In its decision no. 13625/2016, the Milan IP Court confirmed the above. A German company requested the court to declare that the Italian designation of a European patent held by the counterparty was null, and that in any case the plaintiff was not infringing the Italian and German designations of the same. The defendant objected that the court lacked jurisdiction in respect of the DNI of the German designation of the patent in question. The court upheld the exception, noting that each European patent gives rise to a bundle of national patents, each of which is subject to the law and jurisdiction of the Country of the relevant designation. “It follows that the jurisdiction over the issue concerning the validity (of the portions) of European Patents, but also over the (negative or positive) declaration of the infringement of the same, belongs to the different national judges, since it is in the territory of the relevant countries that the portion of the various European patents, and the relevant rights, are effective and can, therefore, interfere with other rights or be threatened by interfering conducts”. (…) “hence, the patent holder shall commence infringement proceedings in each Country in which he alleges that an infringement has taken place. By the same token, DNI actions shall be commenced in each Country where the fact (that is alleged to be licit) might happen”.

The decision also pointed out that Art. 5.3 of EC Regulation 44/2001 was irrelevant, as the infringement of a German designation of a European patent cannot take place in Italy, and that Supreme Court decision no. 14508/2013 cannot be shared, as already mentioned in the same court decision no. 1143/2014 mentioned above. In fact, even if Art. 5.3 applied also to DNIs, this would not change the conclusions on jurisdiction: “The request to ascertain that a certain conduct does not constitute an infringement of a patent implies, in any case, the effectiveness of the said patent, which effectiveness has a perimeter that is territorially limited to the space of validity of the legal system to which it refers; outside that perimeter of effectiveness, one could not speak either of counterfeiting or of non-infringement of the patent, and, therefore, one could not even envisage a “harmful event”, neither current nor potential, capable of constituting the connecting factor able to ground the jurisdiction of the judge of a different territory”.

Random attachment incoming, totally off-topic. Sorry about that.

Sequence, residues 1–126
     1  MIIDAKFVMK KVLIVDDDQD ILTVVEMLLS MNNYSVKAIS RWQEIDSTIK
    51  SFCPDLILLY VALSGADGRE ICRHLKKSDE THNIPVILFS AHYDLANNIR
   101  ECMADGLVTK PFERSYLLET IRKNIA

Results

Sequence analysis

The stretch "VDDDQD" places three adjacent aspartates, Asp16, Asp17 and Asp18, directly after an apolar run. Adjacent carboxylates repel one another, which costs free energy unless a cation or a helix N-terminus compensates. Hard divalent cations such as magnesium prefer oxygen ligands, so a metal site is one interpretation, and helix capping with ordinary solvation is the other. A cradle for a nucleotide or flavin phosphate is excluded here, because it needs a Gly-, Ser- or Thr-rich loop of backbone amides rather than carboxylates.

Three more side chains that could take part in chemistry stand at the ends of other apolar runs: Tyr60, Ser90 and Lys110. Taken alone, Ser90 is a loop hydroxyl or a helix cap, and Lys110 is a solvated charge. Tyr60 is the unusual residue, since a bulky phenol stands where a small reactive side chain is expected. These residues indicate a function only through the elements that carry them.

These two Milan decisions again seem to put an end to Italian torpedoes in Italy, considering also the wide experience and the reputation of the judges of the Milan IP Court.

Nevertheless, the 2013 Supreme Court decision is still in place, and the Supreme Court is the highest judicial authority in Italy. As a consequence, it would be of no surprise if other judges followed the Supreme Court decision rather than the Milan ones. As a matter of fact, this has already happened. In fact, the IP Court of Rome, in its decision no. 2608/2018, stated that the jurisdiction over the non-Italian portions of the European patent there in issue, belonged to the same Rome Court under art. 5.3 of Regulation 44/2001, as per Supreme Court decision no. 14508/13. This was actually a very peculiar decision as its aim was only to declare that proceedings had been withdrawn, hence the reasoning on jurisdiction was not elaborated on any further. Nevertheless, this is still a final decision by one of the main Italian IP courts, which shows that Italian torpedoes might still not have come to a real end.